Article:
The U.S. Agency for International Development (USAID) announced $50 million to support Kenya’s response and recovery efforts to meet the immediate and longer-term challenges that COVID-19 is posing.
“The American people have always been generous to those in need around the world, and today Kenya is facing the compound challenges of COVID-19, flooding, and locusts. We are focusing on ensuring resources get to the counties and communities, because Kenya’s communities are Kenya’s greatest asset in overcoming these challenges,” stated U.S. Ambassador Kyle L. McCarter.
Building on fifty-five years of partnership, and with the government and people of Kenya in the lead, USAID is implementing the following:
About 1.5 billion Kenyan Shillings ($15 million) will be used to strengthen health and water systems and ensure effective communication and community engagement to ensure Kenyans are healthy.
As people lose their livelihoods from stay at home orders to prevent the spread of COVID-19, it is equally critical to provide 2.8 billion Kenyan Shillings ($27.8 million) to ensure small businesses can stay afloat, the agribusiness sector can maintain an operational food supply chain, and short-term emergency food as well as longer-term food security.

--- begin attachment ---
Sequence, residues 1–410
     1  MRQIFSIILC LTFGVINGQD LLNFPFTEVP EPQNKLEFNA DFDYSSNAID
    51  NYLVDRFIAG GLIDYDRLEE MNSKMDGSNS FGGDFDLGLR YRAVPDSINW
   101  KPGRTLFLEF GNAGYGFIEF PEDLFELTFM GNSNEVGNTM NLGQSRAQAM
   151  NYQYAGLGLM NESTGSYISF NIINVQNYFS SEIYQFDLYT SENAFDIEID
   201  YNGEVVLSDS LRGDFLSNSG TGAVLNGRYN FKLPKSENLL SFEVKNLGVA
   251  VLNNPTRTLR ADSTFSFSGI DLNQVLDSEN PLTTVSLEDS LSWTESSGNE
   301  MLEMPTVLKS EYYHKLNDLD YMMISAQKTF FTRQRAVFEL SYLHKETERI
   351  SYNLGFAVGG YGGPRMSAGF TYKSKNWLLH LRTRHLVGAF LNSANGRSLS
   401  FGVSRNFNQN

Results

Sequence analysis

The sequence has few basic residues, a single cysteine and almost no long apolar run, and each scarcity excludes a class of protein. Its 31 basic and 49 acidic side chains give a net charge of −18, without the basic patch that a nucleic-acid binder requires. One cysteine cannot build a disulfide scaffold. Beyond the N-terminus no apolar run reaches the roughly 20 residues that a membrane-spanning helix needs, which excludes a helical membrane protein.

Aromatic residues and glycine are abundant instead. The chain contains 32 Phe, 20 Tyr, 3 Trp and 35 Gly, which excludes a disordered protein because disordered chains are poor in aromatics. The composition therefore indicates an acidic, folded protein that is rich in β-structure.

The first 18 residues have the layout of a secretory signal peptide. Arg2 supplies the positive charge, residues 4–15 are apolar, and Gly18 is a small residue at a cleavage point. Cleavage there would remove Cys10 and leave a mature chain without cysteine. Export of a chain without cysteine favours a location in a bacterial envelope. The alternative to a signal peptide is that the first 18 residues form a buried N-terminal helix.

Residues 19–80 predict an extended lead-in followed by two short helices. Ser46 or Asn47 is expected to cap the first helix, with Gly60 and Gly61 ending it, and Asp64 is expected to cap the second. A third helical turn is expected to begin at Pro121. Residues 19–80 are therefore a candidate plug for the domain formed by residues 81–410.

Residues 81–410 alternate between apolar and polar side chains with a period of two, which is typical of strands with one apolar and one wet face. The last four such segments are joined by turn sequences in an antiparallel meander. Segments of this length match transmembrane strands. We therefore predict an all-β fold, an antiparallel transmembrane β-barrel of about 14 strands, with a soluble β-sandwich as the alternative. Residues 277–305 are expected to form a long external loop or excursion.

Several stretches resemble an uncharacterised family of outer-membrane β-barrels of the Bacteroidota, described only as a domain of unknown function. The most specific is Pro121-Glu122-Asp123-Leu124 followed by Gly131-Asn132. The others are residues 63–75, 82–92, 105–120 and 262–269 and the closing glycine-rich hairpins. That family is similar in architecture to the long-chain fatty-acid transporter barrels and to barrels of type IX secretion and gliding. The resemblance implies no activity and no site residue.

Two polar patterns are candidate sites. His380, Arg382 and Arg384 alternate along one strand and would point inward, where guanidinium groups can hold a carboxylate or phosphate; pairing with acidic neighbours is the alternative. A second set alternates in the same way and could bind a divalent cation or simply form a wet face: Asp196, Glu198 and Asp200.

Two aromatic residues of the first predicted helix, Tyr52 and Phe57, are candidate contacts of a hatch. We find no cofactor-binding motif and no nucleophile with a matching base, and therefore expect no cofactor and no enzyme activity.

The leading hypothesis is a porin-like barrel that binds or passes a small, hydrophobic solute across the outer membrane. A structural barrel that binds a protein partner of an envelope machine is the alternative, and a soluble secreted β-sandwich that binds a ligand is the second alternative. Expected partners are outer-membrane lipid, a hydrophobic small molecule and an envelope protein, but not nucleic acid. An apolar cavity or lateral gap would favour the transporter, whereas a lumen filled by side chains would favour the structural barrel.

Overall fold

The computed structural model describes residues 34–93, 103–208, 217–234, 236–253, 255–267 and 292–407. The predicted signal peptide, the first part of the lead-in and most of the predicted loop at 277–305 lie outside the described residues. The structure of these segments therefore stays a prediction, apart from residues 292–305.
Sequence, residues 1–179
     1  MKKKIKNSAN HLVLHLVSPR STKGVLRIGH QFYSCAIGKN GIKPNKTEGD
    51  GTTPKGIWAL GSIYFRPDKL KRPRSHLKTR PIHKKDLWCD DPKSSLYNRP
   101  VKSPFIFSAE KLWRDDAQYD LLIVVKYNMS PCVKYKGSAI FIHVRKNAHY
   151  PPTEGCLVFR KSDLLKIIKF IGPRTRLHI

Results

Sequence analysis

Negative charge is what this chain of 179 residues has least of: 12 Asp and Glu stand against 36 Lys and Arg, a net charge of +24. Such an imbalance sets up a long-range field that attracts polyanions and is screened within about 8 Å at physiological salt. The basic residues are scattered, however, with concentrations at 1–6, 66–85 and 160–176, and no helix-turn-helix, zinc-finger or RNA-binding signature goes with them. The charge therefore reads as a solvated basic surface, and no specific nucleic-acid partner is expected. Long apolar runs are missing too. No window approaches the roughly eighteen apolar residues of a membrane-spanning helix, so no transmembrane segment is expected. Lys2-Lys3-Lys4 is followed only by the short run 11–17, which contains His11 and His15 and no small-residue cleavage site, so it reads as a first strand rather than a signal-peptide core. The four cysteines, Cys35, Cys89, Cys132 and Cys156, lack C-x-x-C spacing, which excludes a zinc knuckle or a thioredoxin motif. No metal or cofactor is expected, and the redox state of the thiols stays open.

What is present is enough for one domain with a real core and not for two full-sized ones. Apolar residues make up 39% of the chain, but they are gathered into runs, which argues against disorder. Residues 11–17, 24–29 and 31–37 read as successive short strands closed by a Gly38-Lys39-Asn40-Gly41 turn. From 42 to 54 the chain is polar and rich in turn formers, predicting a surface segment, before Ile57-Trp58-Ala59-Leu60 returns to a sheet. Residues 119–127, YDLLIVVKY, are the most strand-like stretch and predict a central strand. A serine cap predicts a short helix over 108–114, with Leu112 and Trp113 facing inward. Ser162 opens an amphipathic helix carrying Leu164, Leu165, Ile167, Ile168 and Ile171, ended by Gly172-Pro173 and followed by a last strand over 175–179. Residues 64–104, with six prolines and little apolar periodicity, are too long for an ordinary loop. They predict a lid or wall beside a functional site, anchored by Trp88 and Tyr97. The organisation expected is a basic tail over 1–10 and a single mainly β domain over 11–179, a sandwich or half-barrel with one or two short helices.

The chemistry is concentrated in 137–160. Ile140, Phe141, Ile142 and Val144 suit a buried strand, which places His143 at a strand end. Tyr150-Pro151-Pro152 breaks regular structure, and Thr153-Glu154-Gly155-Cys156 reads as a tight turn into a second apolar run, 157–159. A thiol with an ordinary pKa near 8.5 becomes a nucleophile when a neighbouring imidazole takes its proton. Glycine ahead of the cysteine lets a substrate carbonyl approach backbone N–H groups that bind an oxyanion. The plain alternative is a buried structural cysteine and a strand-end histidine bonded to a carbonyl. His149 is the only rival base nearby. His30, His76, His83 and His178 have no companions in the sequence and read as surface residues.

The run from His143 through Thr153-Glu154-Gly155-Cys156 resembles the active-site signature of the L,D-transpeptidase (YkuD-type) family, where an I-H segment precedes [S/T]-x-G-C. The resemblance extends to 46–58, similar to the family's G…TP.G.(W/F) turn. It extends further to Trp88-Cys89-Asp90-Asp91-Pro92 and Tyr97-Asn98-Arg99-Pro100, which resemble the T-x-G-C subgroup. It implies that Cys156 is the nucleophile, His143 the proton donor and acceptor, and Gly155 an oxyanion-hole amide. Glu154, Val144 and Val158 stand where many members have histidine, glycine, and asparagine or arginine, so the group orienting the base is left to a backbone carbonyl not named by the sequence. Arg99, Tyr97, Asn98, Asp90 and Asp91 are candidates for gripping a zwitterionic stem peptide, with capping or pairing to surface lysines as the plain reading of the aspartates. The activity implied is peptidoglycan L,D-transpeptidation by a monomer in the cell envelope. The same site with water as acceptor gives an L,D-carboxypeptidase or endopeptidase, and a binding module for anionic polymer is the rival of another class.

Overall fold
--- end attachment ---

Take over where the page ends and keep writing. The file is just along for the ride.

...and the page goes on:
Nearly 610 million Kenyan Shillings ($6,166,000) will ensure children keep learning to read through distance learning, young people gain jobs in emerging areas, and citizen-responsive governance helps mitigate possible conflict, violence, and civil unrest.
“U.S. funds directly benefit Kenyans. We partner with the Kenyan government, NGOs, civil society and local organizations and institutions to support the Kenyan people. The U.S. requires our partners to adhere to rigorous reporting requirements and standards,” stated USAID Mission Director Mark Meassick.
To date, more than 1,600 health workers have been trained in 35 counties; 272,000 Ministry of Health posters on the prevention and symptoms of COVID-19 were printed and distributed across 23 high-risk counties; personal protective equipment (PPE) was repurposed from the Ebola outbreak response to protect health care workers; labs are being provided diagnostic and capacity-building support to meet the ever-increasing testing demand; and three water service providers were assessed and contingency plans developed to increase the chances that their operations will not discontinue.